Automaker Jaguar Land Rover wants to make driving safer by keeping drivers from having to take their eyes off the road even to look down at their dashboards. Somewhat ironically, it plans to do this by putting such vital pieces of information on the car's windshield itself, developing what it calls a Virtual Windscreen.
It's not that hard to imagine what Jaguar Land Rover has in mind. Just think "car of the future" and you will most likely conure up images of windshields with holographic projections and whatnot. And that's not far from the reality that the car maker wants to create. But considering the company's products lean more on the sporty side, it isn't surprising that the features it has in mind for the Virtual Windscreen have a similar inclination.
Three main features that Jaguar Land Rover lists have to do with race training more than everyday driving. The windshield will display virtual markers for racing lines and even for braking guidance. There will also be virtual cones that will seemingly line up the track for for training. Perhaps more amusing, if not distracting, will be the ghost cars that will appear to give you a virtual racing rival. The company is also looking into possibly replacing rear view and external mirrors with cameras. But instead of a regular flat video feed, it will project the camera view on the Virtual Windscreen in true 3D fashion, without the goggles, so that drivers can correctly judge the distance of objects.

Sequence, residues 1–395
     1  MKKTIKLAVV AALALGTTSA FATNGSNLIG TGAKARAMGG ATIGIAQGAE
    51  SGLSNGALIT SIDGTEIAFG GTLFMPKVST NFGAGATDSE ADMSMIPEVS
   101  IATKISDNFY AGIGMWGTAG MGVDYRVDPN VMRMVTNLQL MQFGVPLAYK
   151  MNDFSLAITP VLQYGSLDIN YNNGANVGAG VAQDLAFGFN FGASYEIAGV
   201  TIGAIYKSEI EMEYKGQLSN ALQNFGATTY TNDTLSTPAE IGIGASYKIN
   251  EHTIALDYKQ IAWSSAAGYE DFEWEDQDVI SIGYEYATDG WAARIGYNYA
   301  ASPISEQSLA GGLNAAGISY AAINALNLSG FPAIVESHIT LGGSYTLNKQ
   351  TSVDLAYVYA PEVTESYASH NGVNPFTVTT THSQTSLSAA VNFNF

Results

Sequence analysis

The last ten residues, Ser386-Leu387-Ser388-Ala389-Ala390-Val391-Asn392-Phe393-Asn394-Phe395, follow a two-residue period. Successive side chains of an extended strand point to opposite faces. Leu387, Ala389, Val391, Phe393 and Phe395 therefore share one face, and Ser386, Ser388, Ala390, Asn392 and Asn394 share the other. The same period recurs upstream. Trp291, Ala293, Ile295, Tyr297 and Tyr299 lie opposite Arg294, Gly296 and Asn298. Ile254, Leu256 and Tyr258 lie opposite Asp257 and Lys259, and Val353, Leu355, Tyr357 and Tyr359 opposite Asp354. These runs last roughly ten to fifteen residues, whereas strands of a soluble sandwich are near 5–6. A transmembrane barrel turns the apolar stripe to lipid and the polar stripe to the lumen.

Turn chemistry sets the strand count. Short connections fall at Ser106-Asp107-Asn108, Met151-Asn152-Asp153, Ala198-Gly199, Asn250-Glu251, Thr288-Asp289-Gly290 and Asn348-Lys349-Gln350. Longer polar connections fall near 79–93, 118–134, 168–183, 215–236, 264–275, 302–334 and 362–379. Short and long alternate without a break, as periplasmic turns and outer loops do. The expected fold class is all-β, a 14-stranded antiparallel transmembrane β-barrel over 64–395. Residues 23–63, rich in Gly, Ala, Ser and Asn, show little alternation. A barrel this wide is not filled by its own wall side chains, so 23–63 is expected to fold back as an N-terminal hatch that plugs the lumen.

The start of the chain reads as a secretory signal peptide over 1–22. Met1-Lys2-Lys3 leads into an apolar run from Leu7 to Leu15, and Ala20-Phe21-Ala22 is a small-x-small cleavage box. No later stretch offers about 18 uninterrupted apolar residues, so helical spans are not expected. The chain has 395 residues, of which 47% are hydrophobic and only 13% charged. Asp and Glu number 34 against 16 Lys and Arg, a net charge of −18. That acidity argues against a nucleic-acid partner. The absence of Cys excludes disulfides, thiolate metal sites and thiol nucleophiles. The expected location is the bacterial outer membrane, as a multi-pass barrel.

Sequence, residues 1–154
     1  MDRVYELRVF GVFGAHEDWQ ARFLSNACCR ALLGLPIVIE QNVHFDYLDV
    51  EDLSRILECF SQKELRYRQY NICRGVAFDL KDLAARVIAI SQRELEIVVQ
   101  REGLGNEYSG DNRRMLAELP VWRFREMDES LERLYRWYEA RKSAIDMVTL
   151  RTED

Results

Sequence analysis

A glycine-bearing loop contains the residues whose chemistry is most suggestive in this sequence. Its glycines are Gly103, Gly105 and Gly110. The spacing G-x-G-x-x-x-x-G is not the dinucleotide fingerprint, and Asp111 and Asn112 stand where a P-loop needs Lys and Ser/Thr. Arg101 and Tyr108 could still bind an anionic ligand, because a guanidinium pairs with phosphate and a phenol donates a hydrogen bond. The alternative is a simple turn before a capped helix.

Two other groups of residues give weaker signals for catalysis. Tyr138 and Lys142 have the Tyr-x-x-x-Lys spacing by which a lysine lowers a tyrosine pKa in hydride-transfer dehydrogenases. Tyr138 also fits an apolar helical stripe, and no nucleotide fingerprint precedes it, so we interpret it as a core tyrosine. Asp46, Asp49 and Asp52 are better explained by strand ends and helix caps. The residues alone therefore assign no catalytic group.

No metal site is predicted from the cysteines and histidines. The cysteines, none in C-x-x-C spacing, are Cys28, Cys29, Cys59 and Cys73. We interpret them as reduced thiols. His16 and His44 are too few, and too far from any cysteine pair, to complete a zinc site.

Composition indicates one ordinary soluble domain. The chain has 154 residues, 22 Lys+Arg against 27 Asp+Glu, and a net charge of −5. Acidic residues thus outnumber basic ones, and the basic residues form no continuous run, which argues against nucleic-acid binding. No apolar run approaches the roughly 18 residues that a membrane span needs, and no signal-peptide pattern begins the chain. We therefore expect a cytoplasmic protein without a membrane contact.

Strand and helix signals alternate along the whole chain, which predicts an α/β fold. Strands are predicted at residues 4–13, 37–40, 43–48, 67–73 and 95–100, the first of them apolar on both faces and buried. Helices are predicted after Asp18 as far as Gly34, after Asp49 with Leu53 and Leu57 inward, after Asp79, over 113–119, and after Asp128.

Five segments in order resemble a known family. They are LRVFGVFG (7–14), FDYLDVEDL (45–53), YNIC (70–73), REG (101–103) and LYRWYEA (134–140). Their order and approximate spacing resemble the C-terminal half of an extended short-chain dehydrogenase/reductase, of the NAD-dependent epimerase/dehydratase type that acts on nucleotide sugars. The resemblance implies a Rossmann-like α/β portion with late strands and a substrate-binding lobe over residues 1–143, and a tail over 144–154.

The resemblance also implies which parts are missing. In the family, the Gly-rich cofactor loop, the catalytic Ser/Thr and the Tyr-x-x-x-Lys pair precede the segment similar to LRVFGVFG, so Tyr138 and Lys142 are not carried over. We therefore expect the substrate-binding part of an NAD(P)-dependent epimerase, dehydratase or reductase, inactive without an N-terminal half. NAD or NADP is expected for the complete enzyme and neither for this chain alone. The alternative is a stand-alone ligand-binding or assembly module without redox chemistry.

Jaguar Land Rover, however, isn't content with fiddling with the windshield. In the same theme of cutting down on driver distraction, it is also researching ways to implement gesture controls for various functions of the car, like sunblinds, rear wipers and others. The concept is that even while drivers still have to take one hand away from the wheel, which most drivers are probably accustomed to, they won't have to fumble over buttons and knobs and can access the function they need with just a wave of the hand.
Advancements in automotive technology such as this arent always a walk in the park and Jaguar Land Rover's distraction-free promise still needs to be put to the test. It will also take time before all the pieces are set. It will take time to actually implement the technology, time to get through the usual bureaucratic inquisition, and time to let drivers acclimate to the new technologies that, in the beginning, will most likely be more distracting than ever.